Their supper therefore consisted of gruel and potatoes seasoned with sage and other wild herbs, along with some dried meat. It was nourishing and satisfying after a night of fighting and a day of marching. It was while they were eating that they came to alert attention, a lookout hearing the sound of hooves from the east.

The grumbling men dropped their supper grudgingly and prepared for a fight, only relaxing when it became clear a lone man was approaching. The rider turned out to be Angelico, who looked wind-swept and sleepy. Bags were under his eyes and his horse seemed in no better state.

“Were we that easy to find?” Michael said as Angelico rode into the center of the village

Angelico dismounted and said, “It was easy enough given I knew where you left the river. A competent scout might see the signs of many men walking, either here or on the little road, but he wouldn’t be traipsing through the woods by Atalasco, so I deem you safe.”

“Where is Sharaona? Did she not come?”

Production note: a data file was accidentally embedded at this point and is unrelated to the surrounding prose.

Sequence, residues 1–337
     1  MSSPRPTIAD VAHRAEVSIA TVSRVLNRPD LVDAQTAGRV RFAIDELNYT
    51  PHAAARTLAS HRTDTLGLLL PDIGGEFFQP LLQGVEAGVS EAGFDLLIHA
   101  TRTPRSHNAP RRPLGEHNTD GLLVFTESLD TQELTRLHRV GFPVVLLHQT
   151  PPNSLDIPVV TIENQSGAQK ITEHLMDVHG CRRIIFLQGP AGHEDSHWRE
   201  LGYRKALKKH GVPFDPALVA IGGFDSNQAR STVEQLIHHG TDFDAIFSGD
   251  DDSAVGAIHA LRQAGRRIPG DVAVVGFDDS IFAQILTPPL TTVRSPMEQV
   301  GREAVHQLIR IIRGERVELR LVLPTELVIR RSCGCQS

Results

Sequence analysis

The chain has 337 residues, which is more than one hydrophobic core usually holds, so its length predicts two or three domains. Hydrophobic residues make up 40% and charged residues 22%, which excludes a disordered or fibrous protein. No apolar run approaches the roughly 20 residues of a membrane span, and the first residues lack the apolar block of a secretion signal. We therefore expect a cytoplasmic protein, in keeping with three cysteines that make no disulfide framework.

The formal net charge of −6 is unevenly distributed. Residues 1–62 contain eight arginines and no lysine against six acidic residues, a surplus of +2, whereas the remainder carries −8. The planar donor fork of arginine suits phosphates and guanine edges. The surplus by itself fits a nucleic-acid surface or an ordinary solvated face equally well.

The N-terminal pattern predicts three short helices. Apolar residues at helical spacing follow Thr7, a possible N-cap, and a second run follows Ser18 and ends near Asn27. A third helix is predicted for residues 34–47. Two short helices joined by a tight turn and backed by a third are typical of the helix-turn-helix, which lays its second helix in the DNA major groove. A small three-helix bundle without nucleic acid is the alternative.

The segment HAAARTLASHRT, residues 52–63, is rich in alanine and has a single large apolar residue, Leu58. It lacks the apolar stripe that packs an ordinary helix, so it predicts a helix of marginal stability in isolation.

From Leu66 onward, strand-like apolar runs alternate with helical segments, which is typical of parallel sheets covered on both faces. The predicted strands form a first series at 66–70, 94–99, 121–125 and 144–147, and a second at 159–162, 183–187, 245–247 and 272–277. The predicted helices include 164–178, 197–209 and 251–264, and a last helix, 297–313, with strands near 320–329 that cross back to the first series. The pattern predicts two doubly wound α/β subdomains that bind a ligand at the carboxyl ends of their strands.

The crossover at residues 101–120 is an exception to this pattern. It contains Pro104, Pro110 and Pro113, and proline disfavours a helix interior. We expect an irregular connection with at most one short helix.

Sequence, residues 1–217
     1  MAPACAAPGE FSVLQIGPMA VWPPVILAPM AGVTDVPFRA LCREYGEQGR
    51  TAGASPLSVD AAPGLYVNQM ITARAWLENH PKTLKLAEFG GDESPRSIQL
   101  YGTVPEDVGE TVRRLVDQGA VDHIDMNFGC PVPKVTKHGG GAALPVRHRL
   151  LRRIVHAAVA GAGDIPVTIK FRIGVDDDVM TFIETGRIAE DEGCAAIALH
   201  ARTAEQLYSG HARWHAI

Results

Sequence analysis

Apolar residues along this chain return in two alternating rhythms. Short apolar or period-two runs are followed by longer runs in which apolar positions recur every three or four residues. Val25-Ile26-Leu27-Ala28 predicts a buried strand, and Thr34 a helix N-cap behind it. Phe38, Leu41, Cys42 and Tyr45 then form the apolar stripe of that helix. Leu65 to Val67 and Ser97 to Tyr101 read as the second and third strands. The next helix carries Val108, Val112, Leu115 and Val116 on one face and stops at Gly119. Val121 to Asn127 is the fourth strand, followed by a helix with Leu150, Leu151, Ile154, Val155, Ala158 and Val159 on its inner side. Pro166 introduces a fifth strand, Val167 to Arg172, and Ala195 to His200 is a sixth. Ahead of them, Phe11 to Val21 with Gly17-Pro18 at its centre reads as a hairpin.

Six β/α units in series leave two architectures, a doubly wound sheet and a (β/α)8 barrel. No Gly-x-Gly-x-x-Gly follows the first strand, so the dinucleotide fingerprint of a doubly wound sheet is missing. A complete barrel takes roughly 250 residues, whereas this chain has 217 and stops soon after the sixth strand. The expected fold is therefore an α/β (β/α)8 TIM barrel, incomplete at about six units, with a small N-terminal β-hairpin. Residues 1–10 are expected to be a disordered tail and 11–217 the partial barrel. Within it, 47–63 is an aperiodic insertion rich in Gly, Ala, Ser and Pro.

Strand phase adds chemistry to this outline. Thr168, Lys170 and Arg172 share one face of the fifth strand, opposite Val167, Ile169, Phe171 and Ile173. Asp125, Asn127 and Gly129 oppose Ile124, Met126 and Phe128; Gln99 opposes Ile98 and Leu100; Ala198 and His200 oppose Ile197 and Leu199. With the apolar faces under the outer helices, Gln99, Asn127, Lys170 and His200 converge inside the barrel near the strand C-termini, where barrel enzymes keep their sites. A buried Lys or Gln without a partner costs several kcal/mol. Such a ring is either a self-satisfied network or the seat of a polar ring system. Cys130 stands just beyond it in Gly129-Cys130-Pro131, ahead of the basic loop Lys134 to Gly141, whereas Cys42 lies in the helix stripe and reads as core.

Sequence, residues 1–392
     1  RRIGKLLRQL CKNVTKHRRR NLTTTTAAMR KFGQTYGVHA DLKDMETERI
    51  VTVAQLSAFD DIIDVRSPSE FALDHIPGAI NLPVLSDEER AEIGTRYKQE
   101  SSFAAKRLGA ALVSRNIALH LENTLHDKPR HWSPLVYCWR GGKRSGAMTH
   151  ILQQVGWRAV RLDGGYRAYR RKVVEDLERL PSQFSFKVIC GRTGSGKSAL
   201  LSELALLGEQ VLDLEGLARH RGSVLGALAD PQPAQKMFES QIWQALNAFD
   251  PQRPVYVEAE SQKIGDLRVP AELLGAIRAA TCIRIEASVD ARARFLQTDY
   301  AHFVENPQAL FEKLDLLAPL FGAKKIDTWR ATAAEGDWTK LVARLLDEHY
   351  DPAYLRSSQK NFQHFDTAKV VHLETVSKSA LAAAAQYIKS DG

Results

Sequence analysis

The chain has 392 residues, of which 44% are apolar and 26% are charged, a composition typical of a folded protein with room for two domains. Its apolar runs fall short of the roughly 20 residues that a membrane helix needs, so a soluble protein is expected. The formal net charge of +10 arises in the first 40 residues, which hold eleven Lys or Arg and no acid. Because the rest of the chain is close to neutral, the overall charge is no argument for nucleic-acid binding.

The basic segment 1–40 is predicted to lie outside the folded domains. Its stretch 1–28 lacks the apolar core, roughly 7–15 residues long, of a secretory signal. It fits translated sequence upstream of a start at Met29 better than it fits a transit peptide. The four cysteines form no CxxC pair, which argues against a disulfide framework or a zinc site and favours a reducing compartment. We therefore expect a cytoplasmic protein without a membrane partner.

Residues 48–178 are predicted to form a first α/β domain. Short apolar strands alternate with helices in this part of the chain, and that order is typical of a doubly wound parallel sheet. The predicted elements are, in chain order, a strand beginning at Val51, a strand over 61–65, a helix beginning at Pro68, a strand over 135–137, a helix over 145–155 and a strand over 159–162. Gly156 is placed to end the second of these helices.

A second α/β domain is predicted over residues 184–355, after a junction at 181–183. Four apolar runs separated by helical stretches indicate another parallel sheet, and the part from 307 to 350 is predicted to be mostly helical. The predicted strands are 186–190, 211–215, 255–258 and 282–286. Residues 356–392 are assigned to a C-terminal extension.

“She went straight west to Suppero, saying she knew of a hospitable family to stay with until we arrived. I tried to keep her from going, being a woman alone on the road, but she’s very stubborn. She took your horse, as I felt I couldn’t manage it and my own while chasing you down.”

“She can take care of herself,” Michael said. “I just… Did you tell her I was sorry?”

“Yes, sir, but she didn’t seem too interested in it.”

Michael sighed. “She’s waiting for us, at least. I’ll have to smooth things over when I get there, I suppose.”

“What did you say to her to make her so mad?”

“That I would marry Julia,” Michael said.

“Oy. Women aren’t your strong suit,” Angelico said, smiling. “She still cares, though. She came and warned me, and wanted to warn you, but it was too late. You were already inside the citadel.”

“How did she know?”

“Apparently Julia tried to have her killed after we all left. It didn’t go so well for the house retainers, she tells me. She set the band off to the southwest and rode straight for Calasora. I avoided the meeting of the high court Julia and I called. I reckon she’d have had a dagger slipped into me while I was unguarded and unarmored, given circumstances.” Angelico patted his thin doublet. “Sharano also, she tells me at least, told the peasants to loot the manor as it is now unguarded.”

Michael laughed. “People underestimate her always.”

“They underestimate you. I guarantee nobody expected you to run a jailbreak like you did. That was damn fine work.”